* Bank's riskiest bonds fall to lowest ever levels
* Coupon cover endangered by potential DoJ fine
* Broader market resists repeat of February's free fall
By Alice Gledhill
LONDON, Sept 30 (IFR) - Deutsche Bank's Additional Tier 1
bonds were at the heart of a savage sell-off this week, falling
to their lowest ever level on Friday in the latest setback for
the bank as it struggles to stem market concerns.
The AT1 bonds, the riskiest form of debt that banks can
sell, have been under intense pressure since mid-September when
the US Department of Justice asked Deutsche to pay US$14bn to
settle an investigation into its selling of mortgage-backed
The potential size of the fine has stoked fears that
reserves for paying coupons on the roughly 5bn-equivalent of
debt could fall short, and that Deutsche would need to seek
The bonds hit fresh lows on Friday after news broke that
clients had started to pull business from the bank, just days
after Deutsche said it does not need to raise extra capital and
that it had not sought a government bailout.
The dire price action evoked February's sell-off, when fears
around Deutsche's AT1 coupon cover first escalated and dragged
the whole AT1 sector into a downward spiral.
There is likely to be little respite until the size of the
fine is known.
"The problem here is lack of visibility, but also the extent
to which Deutsche could take the rest of the AT1 market with it,
as we saw at the turn of the year. For me, that's the bigger
issue. It will again take only a few big holders to throw in the
towel and it could drop very quickly," said one investor.
The fact that AT1 and equity investors track both markets
exacerbates the problem, he added.
"It just becomes circular very quickly until you get to
levels that are completely crazy and you see distressed money
coming back. If it takes another two or three months to get more
visibility on the litigation side, who knows the damage that
will be inflicted on the franchise?"
Deutsche's 1.75bn 6% AT1 callable in 2022 was bid at 69.55
on Friday morning, below the low of 70.2 during the worst of
February's sell-off. The US$1.25bn 6.25% callable in 2020 was
bid at 69.8, also an all-time low. Both notes have fallen around
14 points since September 9.
The sell-off has been so brutal because the fine has greatly
increased the risk of coupon deferral, which would be a first
for the asset class.
To pay the coupons, which amount to around 330m, the bank
must have a sufficient pool of funds known as "available
distributable items". In Deutsche's case this was already
looking slim before the fine, with matters made worse by
Germany's tricky accounting rules.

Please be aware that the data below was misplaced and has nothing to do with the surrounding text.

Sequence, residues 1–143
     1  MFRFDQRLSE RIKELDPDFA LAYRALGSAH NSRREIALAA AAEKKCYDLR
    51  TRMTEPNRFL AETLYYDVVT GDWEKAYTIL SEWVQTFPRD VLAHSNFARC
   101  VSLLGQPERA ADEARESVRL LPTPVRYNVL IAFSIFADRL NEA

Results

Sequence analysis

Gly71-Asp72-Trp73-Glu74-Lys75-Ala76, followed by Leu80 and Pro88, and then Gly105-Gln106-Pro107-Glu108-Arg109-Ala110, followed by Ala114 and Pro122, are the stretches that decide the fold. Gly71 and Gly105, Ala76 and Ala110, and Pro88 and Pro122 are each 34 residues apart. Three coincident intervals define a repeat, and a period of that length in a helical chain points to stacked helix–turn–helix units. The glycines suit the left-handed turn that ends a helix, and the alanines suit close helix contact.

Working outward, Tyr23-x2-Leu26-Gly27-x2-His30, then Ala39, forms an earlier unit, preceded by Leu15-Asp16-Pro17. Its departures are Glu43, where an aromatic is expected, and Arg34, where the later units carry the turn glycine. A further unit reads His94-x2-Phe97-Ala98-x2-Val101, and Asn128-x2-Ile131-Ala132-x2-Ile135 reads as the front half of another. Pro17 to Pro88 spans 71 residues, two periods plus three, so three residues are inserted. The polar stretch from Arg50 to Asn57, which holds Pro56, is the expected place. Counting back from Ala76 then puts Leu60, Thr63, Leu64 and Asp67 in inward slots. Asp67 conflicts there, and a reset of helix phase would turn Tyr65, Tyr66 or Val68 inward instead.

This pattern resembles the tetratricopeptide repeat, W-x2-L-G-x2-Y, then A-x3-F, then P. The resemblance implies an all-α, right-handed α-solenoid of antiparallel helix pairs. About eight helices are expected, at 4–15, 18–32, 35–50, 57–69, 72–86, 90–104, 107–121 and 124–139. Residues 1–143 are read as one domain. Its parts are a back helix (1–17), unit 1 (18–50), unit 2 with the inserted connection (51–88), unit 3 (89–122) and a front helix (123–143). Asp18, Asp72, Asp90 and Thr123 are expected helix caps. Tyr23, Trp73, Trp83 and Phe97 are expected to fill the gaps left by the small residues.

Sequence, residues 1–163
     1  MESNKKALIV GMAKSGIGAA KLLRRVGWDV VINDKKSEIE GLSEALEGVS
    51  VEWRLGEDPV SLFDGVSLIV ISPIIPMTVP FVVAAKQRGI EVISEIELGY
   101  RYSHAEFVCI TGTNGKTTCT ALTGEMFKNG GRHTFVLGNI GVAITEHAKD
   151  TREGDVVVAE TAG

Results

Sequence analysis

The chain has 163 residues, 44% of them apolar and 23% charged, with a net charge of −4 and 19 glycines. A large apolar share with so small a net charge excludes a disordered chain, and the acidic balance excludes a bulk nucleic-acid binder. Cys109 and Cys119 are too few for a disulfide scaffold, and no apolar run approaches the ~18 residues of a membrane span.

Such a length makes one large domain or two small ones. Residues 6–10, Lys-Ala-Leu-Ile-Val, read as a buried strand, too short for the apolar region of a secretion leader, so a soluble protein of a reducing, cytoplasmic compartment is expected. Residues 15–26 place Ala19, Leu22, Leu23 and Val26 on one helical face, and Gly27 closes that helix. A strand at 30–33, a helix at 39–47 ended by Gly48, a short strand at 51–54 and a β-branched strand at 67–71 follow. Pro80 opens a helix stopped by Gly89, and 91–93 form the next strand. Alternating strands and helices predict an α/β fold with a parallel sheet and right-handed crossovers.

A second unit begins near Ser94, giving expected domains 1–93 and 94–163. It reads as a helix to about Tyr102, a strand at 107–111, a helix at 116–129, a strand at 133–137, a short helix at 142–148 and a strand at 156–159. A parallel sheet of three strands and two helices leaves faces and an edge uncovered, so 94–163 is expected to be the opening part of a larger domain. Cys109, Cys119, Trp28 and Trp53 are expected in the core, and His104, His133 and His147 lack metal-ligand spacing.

The bank assured investors in February that it had 4.3bn of
ADIs for 2017, though that factored in the now delayed Hua Xia
Bank stake sale. At least two coupon skips are now priced into
"They are held to ransom by the fact that it is German GAAP
accounting and there are vagaries in it that make it very
difficult for us to see what's going on, and what flexibility
they have to massage the numbers or pass reserves into the
ADIs," said Steve Hussey, head of financial institutions credit
research at AllianceBernstein.
WHAT A TURN OFF
But it is not just Deutsche that could turn off the coupons
- the regulator also has the power to do so.
"That's definitely a risk. The regulator could easily turn
round and say you can't pay any more dividends or coupons until
you raise capital. It would be a bit of a stick to encourage the
capital raise to happen," said Robert Kendrick, a credit analyst
The risk of principal writedown still appears remote,
however. For that to happen, Deutsche's transitional Common
Equity Tier 1 ratio would have to fall to 5.125%, giving a
buffer to trigger of around 20.6bn.
"To get to where you'd take a principal hit, it's way beyond
the losses they'd go through for these settlements. (It would
take) some enormous outside, one-off, overnight trading loss
that brings down the whole bank," added Hussey.
"It's almost inconceivable they'll get to that point."
In contrast to February, the impact on the rest of the AT1
market has been fairly contained.
"The market hasn't reacted as it did back in February, when
I think there was a little bit more misunderstanding by
investors about the potential risks, and maybe now they're being
a bit more discerning and differentiating between different
credits," said AllianceBernstein's Hussey.
The Bank of America Merrill Lynch CoCo index was yielding
5.9% on Thursday, up from 5.7% in August but well inside
February's high of 7.26%, according to Thomson Reuters data.
But the storm has stoked fresh criticism of AT1 capital, an
asset class that has always divided market participants. Indeed,
Deutsche's own chief executive John Cryan decried them as a "bad
product" in March.
"They're just a pretty unhelpful instrument," said
Schroders' Kendrick. "They don't help much on improving the ROE
or anything, they just add a huge degree of uncertainty and
(Reporting by Alice Gledhill, editing by Helene Durand, Matthew
Davies, Julian Baker)